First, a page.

The perception of being gay was towards the sexuality of King, not Hall who was brutally beaten and killed. The panic, yes if that was the real motive, was that of King's concerning that perception of his sexuality; but while Hall was the instigator he was not perceived as gay. So are we now going to say a gay-hate crime exists when the one perceived as gay kills the other person? Well, maybe that's democracy.

Evoking a "gay panic" defense (if that is the motive) doesn't necesssarily make this case a hate crime. It makes it reprehensible if that homophobic reaction is not the motive.

Lynn David said...

Let me ask you something too, Gary. Do all of us gay people have to walk in lockstep over each issue? Some are clear and then we do agree, some - and I think this is one such - are not so clear.

I don't berate gay republibcans, I sort of hold some of them with a certain respect. I'm there with them on some economic issues. When 9/11 occurred, I got on the wagon about Afghanistan; I was getting on the thinking about Iraq until I unravelled my emotions and got down to cold logic about it and decided Iraq was all wrong (a bridge too far so to speak).

So why do we have to come to the same conclusions from the same evidence as concerns the Hall murder? Yep, there are brutal elements which mirror the Matthew Shepard case. But it is my life experience which tells me that this crime has nothing to do with the perception that Hall was gay. Ergo it was not a hate crime, even though it might be a case of homophobia. As I have said, if that be the real motive. If it is not the real motive, evoking a "gay panic" defense after the fact makes that false report to the police a hate crime, it doesn't make Halls murder such.

That's simply my logic concerning it. But if you're able to build upon this and create a hubbub in the state house concerning hate crimes from it, more power to you. As I have said before it might be karmic justice that the death of a homophobe would trigger a hate crime law in Indiana. But if you get egg in your face over it, don't blame me or anyone else who through our life experiences and logic cannot come to call this a hate crime....

Gary R. Welsh said...

Lynn, it's one thing to argue whether it's a hate crime. It's quite another to attribute facts to the case that are not currently in evidence. The only evidence we have comes from the three eyewitness account and the friend who heard what was happening contemporaneously with the killing via cell phone calls and text messages. Their assertion is that they perceived Hall as being gay, not the other way around as you claim. You and others have claimed to know this as a fact. I only know what is currently in evidence, and what you claim happened is mere speculation by folks who weren't there. Others have speculated that other people were present when the killing took place. Other people say drugs were involved. If you have information supporting those contentions, then share it with the police. Don't use these hearsay comments to portray the crime differently than what has been told to police.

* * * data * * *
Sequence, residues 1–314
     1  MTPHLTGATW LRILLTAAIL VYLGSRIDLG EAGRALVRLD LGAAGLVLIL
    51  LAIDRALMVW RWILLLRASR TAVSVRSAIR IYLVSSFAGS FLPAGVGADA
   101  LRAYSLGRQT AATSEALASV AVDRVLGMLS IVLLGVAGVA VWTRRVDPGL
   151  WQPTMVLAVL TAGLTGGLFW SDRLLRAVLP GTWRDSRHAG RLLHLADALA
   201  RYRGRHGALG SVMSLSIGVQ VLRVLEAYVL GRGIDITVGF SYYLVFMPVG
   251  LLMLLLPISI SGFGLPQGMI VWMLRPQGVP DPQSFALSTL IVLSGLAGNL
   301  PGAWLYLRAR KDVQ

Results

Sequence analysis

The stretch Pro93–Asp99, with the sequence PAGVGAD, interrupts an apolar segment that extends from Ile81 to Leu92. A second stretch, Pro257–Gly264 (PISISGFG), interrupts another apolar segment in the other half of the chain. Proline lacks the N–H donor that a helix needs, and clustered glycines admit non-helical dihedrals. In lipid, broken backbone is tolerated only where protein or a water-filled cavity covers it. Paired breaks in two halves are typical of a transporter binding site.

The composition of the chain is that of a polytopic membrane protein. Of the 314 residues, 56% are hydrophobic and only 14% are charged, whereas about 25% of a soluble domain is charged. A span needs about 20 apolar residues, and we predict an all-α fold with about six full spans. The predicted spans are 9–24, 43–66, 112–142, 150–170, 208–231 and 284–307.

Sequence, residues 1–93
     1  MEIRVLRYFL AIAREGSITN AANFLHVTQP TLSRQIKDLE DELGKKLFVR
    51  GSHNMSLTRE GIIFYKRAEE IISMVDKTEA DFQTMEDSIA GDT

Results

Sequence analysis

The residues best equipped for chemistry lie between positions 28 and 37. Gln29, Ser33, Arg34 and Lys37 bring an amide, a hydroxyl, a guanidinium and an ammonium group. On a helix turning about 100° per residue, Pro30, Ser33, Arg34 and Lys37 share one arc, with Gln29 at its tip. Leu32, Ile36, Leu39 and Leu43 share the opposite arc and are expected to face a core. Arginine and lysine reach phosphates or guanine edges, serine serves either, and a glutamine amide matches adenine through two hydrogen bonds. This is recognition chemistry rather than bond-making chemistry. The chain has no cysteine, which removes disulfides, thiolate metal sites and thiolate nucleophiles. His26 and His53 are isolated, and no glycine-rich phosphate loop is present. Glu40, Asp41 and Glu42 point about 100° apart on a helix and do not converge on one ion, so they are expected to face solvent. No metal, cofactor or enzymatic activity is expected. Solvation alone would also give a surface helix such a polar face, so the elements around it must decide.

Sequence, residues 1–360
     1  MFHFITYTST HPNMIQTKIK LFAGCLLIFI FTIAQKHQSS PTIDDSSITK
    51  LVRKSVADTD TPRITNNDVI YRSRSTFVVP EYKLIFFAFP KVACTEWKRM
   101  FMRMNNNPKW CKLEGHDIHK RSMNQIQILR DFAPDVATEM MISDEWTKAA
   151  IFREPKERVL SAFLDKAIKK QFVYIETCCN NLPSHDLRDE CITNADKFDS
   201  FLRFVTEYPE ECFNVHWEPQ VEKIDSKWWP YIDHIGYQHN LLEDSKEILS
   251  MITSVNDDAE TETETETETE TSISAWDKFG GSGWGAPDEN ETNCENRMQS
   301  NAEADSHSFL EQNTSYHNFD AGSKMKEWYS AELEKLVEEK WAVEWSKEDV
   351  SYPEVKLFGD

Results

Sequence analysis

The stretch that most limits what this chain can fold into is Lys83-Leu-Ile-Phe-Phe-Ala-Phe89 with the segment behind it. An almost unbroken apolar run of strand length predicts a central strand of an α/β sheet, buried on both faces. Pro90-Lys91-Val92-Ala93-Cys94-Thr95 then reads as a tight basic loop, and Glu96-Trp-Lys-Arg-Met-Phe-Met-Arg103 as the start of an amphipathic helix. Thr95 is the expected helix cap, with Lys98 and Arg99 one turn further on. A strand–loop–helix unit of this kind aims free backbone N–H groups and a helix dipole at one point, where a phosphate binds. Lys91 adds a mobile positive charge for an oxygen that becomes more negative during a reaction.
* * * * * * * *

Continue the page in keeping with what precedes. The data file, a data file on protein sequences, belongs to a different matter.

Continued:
Lynn David said...

AI said: The only evidence we have comes from the three eyewitness account and the friend who heard what was happening contemporaneously with the killing via cell phone calls and text messages. Their assertion is that they perceived Hall as being gay, not the other way around as you claim.

Nowhere have I seen in any account that overtly said anyone perceived Hall to be gay. The closest to it might be that reported in the Bloomington Alternative: "About 15 minutes later, Hendricks called Hodge from the scene. The Times reported that Hendricks shouted: "They're beatin' the hell out of that guy." Hodge told police he could hear screaming and yelling in the background and thought he heard Hall yelling, "Bitches." "

Hall yelled, "Bitches?" Seems like Hall is questioning the sexuality of others. Prove me wrong.... honestly please, I'll jump on your bandwagon. Where is this evidence that they perceived Hall to be gay?

The initial reaction of Hall's brother that it was a hate crime did not seem to hold water either at the time I read it, with what information which has been released. But I believe it was you who first characterized their "defense" as the "gay panic" defense. That did not exactly fit in my estimation, except that King was in panic about the perception of his own sexuality.

All I know is from everything I have read on this crime, that my perception has not changed on it. And I think that our differences are a matter of our perceptions.

Gary R. Welsh said...

You reach a completely different conclusion than the Hall family. Thomas Hall specifically told the press the men were claiming Hall was gay after he was briefed by police about their statements.

Anonymous said...

No I do not know what happened.
I should not have posted that based upon speculation. I promise not to post accusations such as those again.

Lynn David said...

AI wrote...

"You reach a completely different conclusion than the Hall family. Thomas Hall specifically told the press the men were claiming Hall was gay after he was briefed by police about their statements."

Yep.... and if you go back and look at your two entries concerning that:
--- AND ---

And read the news reports and what Thomas Hall said, "It was a brutal crime against my brother and I feel this is a hate crime." Yet nothing overtly says it is a hate crime. Thomas Hall feels it is so. And later on this is juxtaposed in the article.

The suspects told police Hall grabbed Coleman King and questioned his sexuality. That set off the deadly beating.

"And they're saying what's why they killed him. Because he was gay. And he wasn't gay," said Thomas Hall.

Hall is jumping to a conclusion - a wrong conclusion. Aaron Hall questioned King's sexuality... and it doesn't mention anything in the court records, you wrote about them: